Andrew Wiggins is about to reach another NBA scoring milestone. But, to Timberwolves coach Tom Thibodeau, his improvement can be seen in just about every other part of his game.

Still only 22 years old, Wiggins scored 15 points in the Wolves’ 118-107 victory over New Orleans on Saturday night, giving him 5,996 for his career. Wednesday at Cleveland, he presumably will be the sixth-youngest player in league history to reach 6,000 points.

“I think everyone understands what a gifted scorer he is,” Thibodeau said. “He can score the ball a lot of different ways. But what’s happening now, he’s developing a lot of areas in his game as well. Particularly his defense. He’s reading plays, making plays. That’s made him a more complete player, and it’s having a great impact on winning for us.”

Wiggins gave credit for that to the team. “We are more in sync defensively than we were before,” he said. “We’re in the right positions, right spots. I think it’s a team effort.”

As for the scoring? Wiggins said he doesn’t pay much attention to scoring milestones. “But it’s a good thing to hear,” he said. “Keeps the motivation going.”

Part of reaching 6,000 points has to do with Wiggins’ durability. In his fourth season, Wiggins has played in all but one game in his career. Karl-Anthony Towns and Wiggins have the two longest active iron man streaks in the league. Towns played in his 220th consecutive game, Wiggins his 212th.

Finally, a break

Saturday’s game ended a streak in which the Wolves played 20 games in 35 days. The team has had one practice since Jan. 13, and no NBA team played more games in January than the Wolves (17).

“You know what’s crazy is when you see people who aren’t playing, but traveling with the team, and they’re tired,” Jamal Crawford said.

During that stretch the Wolves have had to improvise, working on things during morning shootarounds and even doing walkthroughs on ballroom floors in hotels that have had the outline of a court taped on the floor.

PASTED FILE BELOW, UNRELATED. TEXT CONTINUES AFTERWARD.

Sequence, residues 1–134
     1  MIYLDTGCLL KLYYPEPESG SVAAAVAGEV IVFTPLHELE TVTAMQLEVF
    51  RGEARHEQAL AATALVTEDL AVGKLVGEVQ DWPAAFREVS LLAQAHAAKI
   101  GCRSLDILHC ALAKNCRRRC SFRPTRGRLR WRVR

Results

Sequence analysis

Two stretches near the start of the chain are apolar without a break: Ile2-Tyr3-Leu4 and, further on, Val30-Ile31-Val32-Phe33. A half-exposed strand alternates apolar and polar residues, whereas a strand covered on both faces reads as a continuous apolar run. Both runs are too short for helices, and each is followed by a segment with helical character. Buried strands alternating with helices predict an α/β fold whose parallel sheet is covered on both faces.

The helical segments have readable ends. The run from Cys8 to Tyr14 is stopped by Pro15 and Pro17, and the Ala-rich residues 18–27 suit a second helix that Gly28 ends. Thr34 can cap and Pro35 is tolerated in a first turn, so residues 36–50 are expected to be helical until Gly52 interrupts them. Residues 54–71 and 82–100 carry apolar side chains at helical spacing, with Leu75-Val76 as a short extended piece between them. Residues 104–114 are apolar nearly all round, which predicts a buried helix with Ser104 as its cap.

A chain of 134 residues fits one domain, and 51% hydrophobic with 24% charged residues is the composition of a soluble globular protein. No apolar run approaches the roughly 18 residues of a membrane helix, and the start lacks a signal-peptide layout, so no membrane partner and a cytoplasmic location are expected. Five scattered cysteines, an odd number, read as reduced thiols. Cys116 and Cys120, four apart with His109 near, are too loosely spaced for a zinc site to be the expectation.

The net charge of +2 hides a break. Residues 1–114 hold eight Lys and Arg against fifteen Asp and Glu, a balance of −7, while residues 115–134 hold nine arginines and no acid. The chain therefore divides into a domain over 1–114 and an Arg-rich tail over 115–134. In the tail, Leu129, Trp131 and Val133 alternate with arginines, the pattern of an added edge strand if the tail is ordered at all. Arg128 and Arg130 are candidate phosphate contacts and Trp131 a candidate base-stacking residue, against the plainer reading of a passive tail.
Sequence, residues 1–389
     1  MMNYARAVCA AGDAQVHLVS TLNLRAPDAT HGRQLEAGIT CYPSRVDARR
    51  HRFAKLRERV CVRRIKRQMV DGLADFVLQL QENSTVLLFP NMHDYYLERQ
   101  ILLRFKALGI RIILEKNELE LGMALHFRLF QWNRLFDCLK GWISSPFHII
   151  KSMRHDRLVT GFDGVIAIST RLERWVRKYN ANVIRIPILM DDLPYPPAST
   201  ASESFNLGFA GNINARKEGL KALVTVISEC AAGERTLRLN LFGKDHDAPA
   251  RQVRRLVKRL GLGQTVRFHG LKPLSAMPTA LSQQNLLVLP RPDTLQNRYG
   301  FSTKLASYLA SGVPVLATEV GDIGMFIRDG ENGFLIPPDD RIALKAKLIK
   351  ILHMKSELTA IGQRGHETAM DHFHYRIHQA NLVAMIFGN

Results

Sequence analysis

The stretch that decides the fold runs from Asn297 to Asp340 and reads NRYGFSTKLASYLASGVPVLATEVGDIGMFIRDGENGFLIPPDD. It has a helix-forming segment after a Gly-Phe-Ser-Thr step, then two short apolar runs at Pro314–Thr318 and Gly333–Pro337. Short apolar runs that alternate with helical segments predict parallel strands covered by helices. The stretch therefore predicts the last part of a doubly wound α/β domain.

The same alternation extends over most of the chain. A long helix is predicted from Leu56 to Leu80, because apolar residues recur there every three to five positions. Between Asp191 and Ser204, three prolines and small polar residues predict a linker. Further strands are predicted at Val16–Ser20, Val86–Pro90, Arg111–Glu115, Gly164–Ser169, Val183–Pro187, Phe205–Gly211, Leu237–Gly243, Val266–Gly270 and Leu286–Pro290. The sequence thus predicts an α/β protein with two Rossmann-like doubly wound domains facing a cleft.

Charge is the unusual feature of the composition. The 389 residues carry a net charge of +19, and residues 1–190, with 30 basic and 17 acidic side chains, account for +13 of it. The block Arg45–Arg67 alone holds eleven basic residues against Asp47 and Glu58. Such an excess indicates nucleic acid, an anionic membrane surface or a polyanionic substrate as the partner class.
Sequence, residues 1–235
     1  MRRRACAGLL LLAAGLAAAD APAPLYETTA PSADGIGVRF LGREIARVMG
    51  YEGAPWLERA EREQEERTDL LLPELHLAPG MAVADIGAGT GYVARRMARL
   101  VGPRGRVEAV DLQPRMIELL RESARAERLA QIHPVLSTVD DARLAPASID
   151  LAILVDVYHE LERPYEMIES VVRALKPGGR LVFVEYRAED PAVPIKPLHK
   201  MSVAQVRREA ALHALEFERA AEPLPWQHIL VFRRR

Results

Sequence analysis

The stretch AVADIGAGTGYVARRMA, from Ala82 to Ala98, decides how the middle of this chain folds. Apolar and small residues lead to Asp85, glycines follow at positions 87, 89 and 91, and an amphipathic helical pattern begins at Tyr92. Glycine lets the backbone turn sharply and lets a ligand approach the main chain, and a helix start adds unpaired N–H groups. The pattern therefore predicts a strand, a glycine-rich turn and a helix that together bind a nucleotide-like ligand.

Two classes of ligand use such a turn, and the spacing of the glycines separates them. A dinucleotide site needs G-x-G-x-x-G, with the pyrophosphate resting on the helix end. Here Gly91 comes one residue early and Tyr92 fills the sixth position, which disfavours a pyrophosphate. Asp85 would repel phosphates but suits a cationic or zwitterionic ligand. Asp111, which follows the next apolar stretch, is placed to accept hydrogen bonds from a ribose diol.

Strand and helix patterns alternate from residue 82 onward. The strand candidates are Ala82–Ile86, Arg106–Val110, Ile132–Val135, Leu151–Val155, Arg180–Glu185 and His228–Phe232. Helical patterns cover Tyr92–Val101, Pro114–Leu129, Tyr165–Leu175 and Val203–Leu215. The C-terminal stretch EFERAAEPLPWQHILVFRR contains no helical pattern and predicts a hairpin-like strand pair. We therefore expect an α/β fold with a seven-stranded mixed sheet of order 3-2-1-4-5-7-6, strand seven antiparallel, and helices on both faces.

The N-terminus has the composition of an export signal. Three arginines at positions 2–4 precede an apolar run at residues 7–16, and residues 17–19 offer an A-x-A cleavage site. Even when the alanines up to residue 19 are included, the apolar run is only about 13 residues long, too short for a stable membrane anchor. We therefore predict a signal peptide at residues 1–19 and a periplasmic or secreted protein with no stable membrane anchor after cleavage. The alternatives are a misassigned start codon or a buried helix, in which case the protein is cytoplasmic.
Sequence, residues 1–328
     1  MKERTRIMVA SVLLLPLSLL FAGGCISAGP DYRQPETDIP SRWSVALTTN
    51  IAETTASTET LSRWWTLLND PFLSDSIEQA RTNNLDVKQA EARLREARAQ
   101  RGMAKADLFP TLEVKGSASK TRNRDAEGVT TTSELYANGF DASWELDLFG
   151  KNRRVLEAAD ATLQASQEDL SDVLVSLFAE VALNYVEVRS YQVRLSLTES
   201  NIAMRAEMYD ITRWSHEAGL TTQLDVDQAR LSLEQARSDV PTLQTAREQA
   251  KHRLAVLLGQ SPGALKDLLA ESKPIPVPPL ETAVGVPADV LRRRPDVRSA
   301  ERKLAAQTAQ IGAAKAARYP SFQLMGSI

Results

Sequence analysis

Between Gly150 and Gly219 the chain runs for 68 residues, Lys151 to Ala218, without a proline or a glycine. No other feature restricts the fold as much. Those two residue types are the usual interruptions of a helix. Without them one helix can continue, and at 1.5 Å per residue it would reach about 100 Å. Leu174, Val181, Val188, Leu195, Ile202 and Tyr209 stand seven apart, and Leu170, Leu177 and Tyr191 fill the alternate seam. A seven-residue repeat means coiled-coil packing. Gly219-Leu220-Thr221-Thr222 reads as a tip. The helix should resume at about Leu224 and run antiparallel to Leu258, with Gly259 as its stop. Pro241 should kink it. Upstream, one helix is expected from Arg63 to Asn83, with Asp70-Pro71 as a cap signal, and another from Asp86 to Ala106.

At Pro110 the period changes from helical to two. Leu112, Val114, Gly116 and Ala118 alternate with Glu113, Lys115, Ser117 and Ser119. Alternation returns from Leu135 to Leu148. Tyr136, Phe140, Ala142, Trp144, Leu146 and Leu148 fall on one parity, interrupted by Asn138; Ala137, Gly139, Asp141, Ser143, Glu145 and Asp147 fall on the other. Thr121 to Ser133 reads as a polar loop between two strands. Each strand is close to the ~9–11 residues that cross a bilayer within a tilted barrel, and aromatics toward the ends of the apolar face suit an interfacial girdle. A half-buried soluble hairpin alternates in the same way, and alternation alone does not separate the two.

But a break is coming. The Wolves are off until they play in Cleveland on Wednesday, and the All-Star break is coming soon. They don’t play another back-to-back until late this month. And that’s a good thing, because January was a grind.

“Especially the last two road games against Atlanta and Toronto [both losses],” Taj Gibson said. “We were on a roller coaster mentally. It was tough. No practices, games coming left and right, not enough rest.”

Wanting out?

According to an ESPN report, Wolves forward Shabazz Muhammad has asked the team to either trade or release him by Thursday’s deadline. Muhammad, originally drafted with the 14th overall pick in the 2013 draft, has seen his playing time decline this season.

Thibodeau did not comment, saying he had not seen the report. Muhammad declined to comment pregame.

Shortly before training camp, Muhammad, a free agent, signed to return to the Wolves for a fifth season. After a strong preseason, he averaged 16.7 minutes in October. But that quickly dropped off.

He has not played in 24 of the past 33 games, including Saturday’s. For the season he has averaged 9.6 minutes and 3.7 points per game.

Mirotic’s debut

Forward Nikola Mirotic, acquired by New Orleans from Chicago in the wake of DeMarcus Cousins’ season-ending Achilles’ tear, made his Pelicans debut Saturday, recording 18 points and 12 rebounds off the bench.

Thibodeau was Mirotic’s coach in Chicago as a rookie, and both Jimmy Butler and Gibson were his teammates there. Gibson said Mirotic’s ability to stretch the floor with his shooting will help.

Gibson also lauded the move, saying, “To lose such a talented player like [Cousins], but then to pick up a player like Mirotic, that sends a strong message they’re trying to compete for a playoff spot.”